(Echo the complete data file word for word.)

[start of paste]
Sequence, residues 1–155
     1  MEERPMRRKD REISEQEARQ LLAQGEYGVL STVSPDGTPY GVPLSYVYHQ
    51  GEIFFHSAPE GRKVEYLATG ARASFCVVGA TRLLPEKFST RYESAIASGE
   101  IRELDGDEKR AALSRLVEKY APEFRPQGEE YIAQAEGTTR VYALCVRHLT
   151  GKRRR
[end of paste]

Sequence, residues 1–155
     1  MEERPMRRKD REISEQEARQ LLAQGEYGVL STVSPDGTPY GVPLSYVYHQ
    51  GEIFFHSAPE GRKVEYLATG ARASFCVVGA TRLLPEKFST RYESAIASGE
   101  IRELDGDEKR AALSRLVEKY APEFRPQGEE YIAQAEGTTR VYALCVRHLT
   151  GKRRR